In the previous post, I discussed the difference in the meaning of subtraction between the CCSS and the current GPS and its potential implications. In this post, I would like to begin the discussion of the five specific standards in the cluster. Those standards are as follows:
2. Solve addition and subtraction word problems, and add and subtract within 10, e.g., by using objects or drawings to represent the problem.
3. Decompose numbers less than or equal to 10 into pairs in more than one way, e.g., by using objects or drawings, and record each decomposition by a drawing or equation (e.g., 5 = 2 + 3 and 5 = 4 + 1).
4. For any number from 1 to 9, find the number that makes 10 when added to the given number, e.g., by using objects or drawings, and record the answer with a drawing or equation.
5. Fluently add and subtract within 5.
There is a footnote for the term "drawings" in Standards 1. The footnote states, "Drawings need not show details, but should show the mathematics in the problem." It is easy to read this statement and think that we are making things simpler for children since we are asking them to do less (not showing details). However, for those of us who work with primary students know that this is not quite as simple as it may sound. In fact, many of us have experiences of watching children draw very detailed drawings when they are asked to "draw pictures" to help them solve word problems. In order for children to draw pictures that "show the mathematics in the problem," children must understand first what features of problems are and are not relevant to the mathematics in the problem. If children are drawing pictures to help them solve word problems, they may not understand what the mathematics in the problem is. If so, how can they know what features are or are not relevant to the mathematics? Thus, helping children become able to draw pictures that "show the mathematics in the problem" is itself a major teaching goal in Kindergarten. At the same time, we also want to help students develop an understanding/disposition that drawings are useful thinking tools. So, how might we achieve this goal? One potentially useful strategy used in many Japanese elementary school mathematics textbooks is to use problem contexts in which objects in the problems are fairly simple objects. Thus, when children draw their pictures, drawings will not be overly complicated. Moreover, it will be useful for children to share their drawings. By examining and reflecting on different drawings their friends made, children can begin to think what features of their drawings are essential for doing mathematics.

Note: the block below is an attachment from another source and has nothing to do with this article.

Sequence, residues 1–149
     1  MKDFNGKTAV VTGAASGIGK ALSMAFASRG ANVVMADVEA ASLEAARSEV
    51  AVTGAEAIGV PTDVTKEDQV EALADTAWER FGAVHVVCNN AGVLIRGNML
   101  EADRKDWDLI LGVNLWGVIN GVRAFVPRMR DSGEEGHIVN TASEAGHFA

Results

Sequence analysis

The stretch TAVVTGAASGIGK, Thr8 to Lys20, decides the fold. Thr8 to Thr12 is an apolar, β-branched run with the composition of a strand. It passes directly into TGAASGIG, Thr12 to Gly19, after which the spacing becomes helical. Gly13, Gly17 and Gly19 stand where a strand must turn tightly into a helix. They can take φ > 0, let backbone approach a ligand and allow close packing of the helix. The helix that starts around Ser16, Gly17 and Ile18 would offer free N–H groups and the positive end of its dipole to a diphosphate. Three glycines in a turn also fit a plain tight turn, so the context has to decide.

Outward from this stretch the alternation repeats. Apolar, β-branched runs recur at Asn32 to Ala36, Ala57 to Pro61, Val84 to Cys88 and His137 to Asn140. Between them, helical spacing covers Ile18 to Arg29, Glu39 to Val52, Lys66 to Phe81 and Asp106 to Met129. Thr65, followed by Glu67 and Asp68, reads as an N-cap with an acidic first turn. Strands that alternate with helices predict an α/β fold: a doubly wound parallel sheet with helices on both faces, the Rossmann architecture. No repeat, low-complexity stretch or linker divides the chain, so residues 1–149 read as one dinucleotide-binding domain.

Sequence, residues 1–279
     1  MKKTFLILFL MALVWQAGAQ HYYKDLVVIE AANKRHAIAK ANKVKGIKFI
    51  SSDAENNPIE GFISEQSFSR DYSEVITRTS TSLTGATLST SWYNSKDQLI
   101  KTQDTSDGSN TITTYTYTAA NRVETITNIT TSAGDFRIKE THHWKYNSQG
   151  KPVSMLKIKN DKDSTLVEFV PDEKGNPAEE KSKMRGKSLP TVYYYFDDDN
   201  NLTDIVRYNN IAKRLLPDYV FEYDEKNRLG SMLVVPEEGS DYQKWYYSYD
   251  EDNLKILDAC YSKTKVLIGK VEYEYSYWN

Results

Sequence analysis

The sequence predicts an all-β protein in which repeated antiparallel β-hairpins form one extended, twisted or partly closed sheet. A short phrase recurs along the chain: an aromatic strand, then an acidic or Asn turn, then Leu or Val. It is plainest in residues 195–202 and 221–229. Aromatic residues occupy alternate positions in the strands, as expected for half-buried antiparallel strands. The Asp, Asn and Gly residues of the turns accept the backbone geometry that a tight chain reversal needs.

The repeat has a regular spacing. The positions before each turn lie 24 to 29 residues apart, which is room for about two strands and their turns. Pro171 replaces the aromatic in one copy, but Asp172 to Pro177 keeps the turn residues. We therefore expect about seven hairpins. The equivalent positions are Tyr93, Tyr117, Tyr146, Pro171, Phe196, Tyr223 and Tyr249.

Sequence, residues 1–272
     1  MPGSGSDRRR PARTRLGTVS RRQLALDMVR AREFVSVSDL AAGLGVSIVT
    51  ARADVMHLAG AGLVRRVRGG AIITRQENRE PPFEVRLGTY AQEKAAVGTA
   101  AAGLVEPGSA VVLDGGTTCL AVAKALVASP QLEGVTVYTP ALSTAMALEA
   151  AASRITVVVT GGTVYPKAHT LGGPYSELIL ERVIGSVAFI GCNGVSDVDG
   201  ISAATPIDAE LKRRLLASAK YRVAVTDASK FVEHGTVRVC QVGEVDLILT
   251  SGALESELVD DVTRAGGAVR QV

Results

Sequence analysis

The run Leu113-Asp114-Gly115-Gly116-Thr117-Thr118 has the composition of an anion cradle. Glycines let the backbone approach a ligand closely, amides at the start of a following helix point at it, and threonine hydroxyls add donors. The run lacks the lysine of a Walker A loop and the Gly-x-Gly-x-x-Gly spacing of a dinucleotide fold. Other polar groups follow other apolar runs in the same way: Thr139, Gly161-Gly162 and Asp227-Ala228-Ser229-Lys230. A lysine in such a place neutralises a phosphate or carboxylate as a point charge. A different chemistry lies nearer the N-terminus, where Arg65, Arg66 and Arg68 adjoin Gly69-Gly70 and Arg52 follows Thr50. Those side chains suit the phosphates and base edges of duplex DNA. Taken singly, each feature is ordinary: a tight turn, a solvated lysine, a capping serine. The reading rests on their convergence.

Another major change from the GPS to the CCSS is the idea of representing with equations. The GPS does not emphasize the formal representations with numerals and mathematical symbols in Kindergarten. However, the CCSS begins the use of the formal/symbolic representations in Kindergarten. Some people may disagree that such an expectation is developmentally appropriate. However, the expectation is there, and we must teach Kindergarteners about the formal representations. As we do, I hope we will emphasize both representing and interpreting. Thus, not simply asking children to represent addition or subtraction situations using equations, we should ask them to come up with different situations for a given equation. Moreover, even from the beginning, we should remember that the "=" sign indicate that the two quantities on both sides are equal, not "calculate." Thus, from time to time, we should write "5 = 3 + 2," not just "3 + 2 = 5."